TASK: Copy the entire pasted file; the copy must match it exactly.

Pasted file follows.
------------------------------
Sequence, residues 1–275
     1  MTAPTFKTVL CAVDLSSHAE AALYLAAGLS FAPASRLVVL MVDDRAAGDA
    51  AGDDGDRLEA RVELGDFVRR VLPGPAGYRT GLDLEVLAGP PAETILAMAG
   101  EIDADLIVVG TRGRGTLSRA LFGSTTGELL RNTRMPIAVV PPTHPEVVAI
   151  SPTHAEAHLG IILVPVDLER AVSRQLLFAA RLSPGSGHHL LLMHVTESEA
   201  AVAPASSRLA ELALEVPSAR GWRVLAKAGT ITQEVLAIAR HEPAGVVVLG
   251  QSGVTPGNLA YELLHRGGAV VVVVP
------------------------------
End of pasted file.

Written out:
Sequence, residues 1–275
     1  MTAPTFKTVL CAVDLSSHAE AALYLAAGLS FAPASRLVVL MVDDRAAGDA
    51  AGDDGDRLEA RVELGDFVRR VLPGPAGYRT GLDLEVLAGP PAETILAMAG
   101  EIDADLIVVG TRGRGTLSRA LFGSTTGELL RNTRMPIAVV PPTHPEVVAI
   151  SPTHAEAHLG IILVPVDLER AVSRQLLFAA RLSPGSGHHL LLMHVTESEA
   201  AVAPASSRLA ELALEVPSAR GWRVLAKAGT ITQEVLAIAR HEPAGVVVLG
   251  QSGVTPGNLA YELLHRGGAV VVVVP